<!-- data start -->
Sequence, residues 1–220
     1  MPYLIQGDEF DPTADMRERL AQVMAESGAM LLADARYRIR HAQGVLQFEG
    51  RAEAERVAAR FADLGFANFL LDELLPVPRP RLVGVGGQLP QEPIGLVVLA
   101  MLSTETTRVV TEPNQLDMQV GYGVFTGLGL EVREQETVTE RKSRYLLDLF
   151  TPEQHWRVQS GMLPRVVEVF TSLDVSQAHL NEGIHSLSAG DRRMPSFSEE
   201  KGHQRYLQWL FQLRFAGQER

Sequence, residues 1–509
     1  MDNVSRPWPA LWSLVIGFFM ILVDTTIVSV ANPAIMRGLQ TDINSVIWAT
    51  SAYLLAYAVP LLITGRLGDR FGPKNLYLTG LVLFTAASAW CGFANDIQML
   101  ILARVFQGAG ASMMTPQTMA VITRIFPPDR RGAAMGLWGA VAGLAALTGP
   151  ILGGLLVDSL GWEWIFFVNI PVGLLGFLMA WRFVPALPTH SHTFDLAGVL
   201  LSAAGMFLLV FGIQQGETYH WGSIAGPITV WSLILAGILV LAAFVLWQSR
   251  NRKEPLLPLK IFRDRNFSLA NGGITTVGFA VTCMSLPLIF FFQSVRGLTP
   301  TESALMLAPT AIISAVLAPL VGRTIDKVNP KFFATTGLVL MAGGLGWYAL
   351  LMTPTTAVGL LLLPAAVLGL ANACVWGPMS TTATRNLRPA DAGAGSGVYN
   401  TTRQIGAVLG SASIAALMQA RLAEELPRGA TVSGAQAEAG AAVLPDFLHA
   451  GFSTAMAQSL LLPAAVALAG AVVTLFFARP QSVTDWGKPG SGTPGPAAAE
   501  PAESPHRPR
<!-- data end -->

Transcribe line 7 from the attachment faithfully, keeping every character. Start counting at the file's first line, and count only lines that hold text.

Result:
Sequence, residues 1–509